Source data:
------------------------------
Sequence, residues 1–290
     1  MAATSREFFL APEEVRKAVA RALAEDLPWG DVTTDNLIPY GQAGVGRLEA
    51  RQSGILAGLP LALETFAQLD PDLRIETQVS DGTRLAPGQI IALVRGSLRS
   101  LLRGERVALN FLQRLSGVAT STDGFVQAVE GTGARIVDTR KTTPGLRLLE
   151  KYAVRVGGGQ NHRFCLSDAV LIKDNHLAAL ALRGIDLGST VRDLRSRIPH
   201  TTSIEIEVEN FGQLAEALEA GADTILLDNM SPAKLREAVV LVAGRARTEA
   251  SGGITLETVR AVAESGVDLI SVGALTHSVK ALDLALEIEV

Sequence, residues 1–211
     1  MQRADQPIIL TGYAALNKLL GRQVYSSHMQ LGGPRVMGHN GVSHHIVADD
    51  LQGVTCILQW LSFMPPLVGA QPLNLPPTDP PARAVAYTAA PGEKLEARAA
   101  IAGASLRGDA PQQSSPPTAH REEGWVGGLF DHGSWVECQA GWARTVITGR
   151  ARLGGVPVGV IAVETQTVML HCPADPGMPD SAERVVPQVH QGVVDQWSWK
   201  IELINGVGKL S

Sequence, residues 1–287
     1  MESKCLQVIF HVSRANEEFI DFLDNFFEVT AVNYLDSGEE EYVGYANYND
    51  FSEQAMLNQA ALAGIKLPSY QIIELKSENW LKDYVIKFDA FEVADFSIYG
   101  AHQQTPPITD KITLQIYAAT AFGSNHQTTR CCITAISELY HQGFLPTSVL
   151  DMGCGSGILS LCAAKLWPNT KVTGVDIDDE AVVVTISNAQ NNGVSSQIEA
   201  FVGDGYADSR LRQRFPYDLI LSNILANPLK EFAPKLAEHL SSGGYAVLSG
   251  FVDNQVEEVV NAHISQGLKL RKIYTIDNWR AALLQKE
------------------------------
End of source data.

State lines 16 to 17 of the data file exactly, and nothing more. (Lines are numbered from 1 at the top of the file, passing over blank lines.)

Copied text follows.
    51  FSEQAMLNQA ALAGIKLPSY QIIELKSENW LKDYVIKFDA FEVADFSIYG
   101  AHQQTPPITD KITLQIYAAT AFGSNHQTTR CCITAISELY HQGFLPTSVL